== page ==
A key mystery of the DNA replication process has been unraveled by researchers from King Abdullah University of Science and Technology (KAUST).
Before a bacterium can divide, it must make a copy of its genetic material, the circular DNA molecules that resemble bunched rubber bands, through a process called DNA replication. In this process, the two strands of DNA making up the circular DNA molecule unwind and separate to become templates for generating new strands.
To ensure the process is well regulated, the bacterium has set a number of “roadblocks,” or termination sites on the DNA, to ensure the permanent stoppage of replication forks, Y-shaped structures formed between the strands as the DNA molecule splits.
The Nature study, led by KAUST Ph.D. student Mohamed Elshenawy and Associate Professor Samir Hamdan from KAUST’s Division of Biological and Environmental Science and Engineering, along with colleagues from the University of Wollongong in Australia, showed why termination sites were able to permanently stop replication forks in vitro, while in living bacteria, more than 50 percent of the replication forks that moved towards the termination site continued synthesis without stopping1.
A termination site comprises a 23-base pair termination sequence (Ter) bound to the protein terminus utilization substance (Tus). Tus−Ter is unusual in that it acts like the ratcheting knot on a climbing rope by allowing progression of replication forks from one direction but not the other. This polarity sets up a “trap” that allows the first arriving fork to enter but not to leave the terminus region until the other fork has arrived.
Hamdan and his team suspected that the energy from movement (or kinetics) might be acting on these termination sites. They used single-molecule imaging to record molecular movies that zoomed in with high temporal and spatial resolution on the fate of Escherichia coli replication forks as they approached a termination site from either direction.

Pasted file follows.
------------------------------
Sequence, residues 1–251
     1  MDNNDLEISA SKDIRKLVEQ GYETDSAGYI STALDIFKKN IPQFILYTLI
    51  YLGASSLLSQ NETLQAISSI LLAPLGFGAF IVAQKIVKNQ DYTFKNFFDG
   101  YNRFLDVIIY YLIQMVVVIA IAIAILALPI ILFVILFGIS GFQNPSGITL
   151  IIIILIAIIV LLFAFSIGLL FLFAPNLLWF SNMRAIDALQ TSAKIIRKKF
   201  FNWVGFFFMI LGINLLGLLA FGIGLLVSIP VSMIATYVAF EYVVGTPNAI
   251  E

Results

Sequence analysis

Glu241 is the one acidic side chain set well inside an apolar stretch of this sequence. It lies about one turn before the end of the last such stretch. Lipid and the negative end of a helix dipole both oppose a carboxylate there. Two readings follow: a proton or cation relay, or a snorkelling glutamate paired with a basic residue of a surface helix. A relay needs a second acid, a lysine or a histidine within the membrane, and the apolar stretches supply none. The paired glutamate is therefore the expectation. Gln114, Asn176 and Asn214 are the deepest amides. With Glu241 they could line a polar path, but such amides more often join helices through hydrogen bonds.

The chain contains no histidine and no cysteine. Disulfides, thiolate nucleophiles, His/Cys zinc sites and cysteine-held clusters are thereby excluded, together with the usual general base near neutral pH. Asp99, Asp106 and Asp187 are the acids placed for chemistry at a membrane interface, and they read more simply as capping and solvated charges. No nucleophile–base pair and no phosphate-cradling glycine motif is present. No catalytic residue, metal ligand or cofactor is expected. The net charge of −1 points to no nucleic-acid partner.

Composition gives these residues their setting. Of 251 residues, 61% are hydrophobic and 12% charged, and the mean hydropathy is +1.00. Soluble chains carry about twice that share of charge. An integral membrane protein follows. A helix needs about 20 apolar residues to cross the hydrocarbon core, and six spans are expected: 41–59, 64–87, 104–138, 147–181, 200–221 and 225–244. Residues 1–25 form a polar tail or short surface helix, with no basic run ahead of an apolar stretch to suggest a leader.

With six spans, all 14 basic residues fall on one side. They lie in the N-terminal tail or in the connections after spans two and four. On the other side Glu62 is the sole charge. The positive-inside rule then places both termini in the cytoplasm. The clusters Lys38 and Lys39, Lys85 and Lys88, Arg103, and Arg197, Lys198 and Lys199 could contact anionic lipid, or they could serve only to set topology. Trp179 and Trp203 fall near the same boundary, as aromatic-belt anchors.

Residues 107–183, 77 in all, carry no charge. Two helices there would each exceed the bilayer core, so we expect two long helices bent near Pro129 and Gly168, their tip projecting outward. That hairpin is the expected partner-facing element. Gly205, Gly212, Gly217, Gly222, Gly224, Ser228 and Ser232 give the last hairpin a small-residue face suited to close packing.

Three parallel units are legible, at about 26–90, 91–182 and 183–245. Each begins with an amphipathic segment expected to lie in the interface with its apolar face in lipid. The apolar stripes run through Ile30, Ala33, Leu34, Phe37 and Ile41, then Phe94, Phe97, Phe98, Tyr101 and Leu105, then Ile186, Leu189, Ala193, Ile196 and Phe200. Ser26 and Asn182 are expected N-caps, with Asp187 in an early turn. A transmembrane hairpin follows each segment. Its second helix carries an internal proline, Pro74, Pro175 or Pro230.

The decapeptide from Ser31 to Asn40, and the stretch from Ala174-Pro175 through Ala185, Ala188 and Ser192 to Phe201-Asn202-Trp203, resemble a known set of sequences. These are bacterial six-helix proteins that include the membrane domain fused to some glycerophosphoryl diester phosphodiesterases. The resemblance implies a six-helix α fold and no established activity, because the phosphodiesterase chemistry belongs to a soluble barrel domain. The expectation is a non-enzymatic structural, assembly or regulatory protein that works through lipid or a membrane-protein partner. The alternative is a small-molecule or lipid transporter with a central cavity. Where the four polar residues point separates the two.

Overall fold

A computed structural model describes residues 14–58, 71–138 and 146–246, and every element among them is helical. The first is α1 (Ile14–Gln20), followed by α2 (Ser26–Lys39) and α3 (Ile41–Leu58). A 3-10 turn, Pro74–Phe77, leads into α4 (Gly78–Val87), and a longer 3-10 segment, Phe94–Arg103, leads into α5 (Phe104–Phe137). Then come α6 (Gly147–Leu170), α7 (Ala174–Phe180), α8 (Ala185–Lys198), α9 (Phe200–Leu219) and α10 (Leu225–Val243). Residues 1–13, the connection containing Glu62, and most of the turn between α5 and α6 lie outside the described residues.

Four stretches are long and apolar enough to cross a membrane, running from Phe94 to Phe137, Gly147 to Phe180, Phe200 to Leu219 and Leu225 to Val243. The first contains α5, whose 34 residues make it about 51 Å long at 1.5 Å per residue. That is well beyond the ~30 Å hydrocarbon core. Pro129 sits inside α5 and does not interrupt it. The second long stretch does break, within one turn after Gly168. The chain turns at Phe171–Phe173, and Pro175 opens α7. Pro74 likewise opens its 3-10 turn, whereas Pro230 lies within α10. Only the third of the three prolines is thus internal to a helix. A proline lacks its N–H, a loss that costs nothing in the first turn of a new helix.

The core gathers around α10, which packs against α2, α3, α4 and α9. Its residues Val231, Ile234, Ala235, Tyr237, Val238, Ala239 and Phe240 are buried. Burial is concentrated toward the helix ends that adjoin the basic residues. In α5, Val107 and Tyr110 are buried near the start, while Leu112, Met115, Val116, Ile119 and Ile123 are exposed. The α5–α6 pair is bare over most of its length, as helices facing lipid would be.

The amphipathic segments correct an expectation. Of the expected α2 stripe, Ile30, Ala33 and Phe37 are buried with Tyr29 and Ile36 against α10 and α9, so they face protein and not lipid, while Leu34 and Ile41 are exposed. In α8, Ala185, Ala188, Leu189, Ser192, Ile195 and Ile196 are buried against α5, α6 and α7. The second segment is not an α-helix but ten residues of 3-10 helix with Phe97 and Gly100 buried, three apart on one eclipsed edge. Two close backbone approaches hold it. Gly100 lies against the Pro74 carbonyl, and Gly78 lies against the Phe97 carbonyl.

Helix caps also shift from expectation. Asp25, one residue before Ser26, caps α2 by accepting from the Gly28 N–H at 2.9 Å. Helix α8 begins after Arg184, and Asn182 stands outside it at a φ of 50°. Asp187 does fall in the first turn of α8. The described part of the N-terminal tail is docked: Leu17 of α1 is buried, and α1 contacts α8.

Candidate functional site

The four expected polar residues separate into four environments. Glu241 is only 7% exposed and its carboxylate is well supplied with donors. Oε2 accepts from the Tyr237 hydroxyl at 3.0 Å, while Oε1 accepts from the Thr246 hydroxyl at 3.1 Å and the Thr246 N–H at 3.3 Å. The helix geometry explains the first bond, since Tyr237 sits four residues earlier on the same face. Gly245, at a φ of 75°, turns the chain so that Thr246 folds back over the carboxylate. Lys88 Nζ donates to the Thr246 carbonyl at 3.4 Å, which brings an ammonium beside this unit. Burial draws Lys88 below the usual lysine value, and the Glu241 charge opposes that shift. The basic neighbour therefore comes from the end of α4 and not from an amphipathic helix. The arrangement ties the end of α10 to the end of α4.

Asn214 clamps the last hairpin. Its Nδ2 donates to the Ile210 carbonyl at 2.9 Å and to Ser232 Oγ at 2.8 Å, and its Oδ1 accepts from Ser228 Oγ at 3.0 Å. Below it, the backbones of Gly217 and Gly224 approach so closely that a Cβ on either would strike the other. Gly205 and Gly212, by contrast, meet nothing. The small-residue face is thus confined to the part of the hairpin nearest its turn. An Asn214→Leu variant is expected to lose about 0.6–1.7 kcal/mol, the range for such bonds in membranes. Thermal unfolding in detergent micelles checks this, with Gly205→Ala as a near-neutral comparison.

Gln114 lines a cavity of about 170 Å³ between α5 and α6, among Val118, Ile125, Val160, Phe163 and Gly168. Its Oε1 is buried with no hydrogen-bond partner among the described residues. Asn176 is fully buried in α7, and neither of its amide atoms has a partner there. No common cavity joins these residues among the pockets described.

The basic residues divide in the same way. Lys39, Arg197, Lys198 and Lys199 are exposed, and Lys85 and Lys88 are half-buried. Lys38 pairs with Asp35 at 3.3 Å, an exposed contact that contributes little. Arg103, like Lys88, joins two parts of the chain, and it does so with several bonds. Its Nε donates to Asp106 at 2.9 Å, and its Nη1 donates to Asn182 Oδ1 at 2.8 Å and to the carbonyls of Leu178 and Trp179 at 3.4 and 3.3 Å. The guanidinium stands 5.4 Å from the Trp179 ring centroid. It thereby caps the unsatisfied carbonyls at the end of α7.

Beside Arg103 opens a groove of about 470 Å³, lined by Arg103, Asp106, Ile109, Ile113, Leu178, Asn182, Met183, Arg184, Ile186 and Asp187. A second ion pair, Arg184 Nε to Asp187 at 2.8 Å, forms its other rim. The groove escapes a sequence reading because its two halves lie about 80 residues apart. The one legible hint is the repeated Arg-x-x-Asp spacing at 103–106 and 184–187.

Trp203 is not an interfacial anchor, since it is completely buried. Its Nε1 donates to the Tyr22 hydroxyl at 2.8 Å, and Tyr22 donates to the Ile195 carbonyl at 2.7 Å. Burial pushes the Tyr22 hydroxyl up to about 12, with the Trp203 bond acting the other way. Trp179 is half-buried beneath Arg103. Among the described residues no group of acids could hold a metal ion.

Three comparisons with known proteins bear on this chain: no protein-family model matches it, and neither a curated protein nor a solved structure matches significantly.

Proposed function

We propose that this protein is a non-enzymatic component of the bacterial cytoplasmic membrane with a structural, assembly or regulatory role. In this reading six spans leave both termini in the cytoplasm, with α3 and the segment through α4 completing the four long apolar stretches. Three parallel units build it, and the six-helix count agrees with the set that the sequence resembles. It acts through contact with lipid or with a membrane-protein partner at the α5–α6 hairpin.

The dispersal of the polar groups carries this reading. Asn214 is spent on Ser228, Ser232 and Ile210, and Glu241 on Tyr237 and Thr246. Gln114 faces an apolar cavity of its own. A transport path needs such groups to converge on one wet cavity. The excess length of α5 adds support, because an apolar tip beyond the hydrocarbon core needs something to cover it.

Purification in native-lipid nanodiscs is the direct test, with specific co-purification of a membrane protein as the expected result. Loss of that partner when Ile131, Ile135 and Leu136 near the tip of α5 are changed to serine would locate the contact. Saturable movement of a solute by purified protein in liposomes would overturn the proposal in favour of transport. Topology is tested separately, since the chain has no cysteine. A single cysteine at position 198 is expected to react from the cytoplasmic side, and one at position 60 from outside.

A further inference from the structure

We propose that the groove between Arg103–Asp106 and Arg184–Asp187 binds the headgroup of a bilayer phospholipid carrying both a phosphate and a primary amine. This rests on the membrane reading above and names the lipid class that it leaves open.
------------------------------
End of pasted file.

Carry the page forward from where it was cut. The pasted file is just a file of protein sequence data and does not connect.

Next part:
Their results showed that efficiency of fork arrest is weakened by kinetic competition between the rate of strand separation by the helicase motor at the fork and the rate of rearrangement of Tus−Ter interactions that maintain Tus’s strong grip on the DNA. This means that faster moving forks beat Tus−Ter rearrangement and displace Tus, while slower ones are effectively blocked.
This resolves a long-standing mystery that has clouded our understanding of DNA replication, and also has important implications for all domains of life.
“These findings are striking for the field of enzymology,” Hamdan stated. He noted that the demonstration that the rates of individual enzymes fluctuate during catalysis and that rates can differ among presumably identical enzyme molecules are both novel contributions of single-molecule imaging to biology.
“This study demonstrated for the first time that these intrinsic properties of enzyme molecules actually impact biology,” explained Hamdan.
The communication between molecular motors and double-stranded DNA binding proteins is a common feature in DNA replication, repair, recombination and transcription and also in instances where conflict occurs between these processes. The evolution of different responses to the average rate of different molecular motors could regulate the communication among these processes, Hamdan said.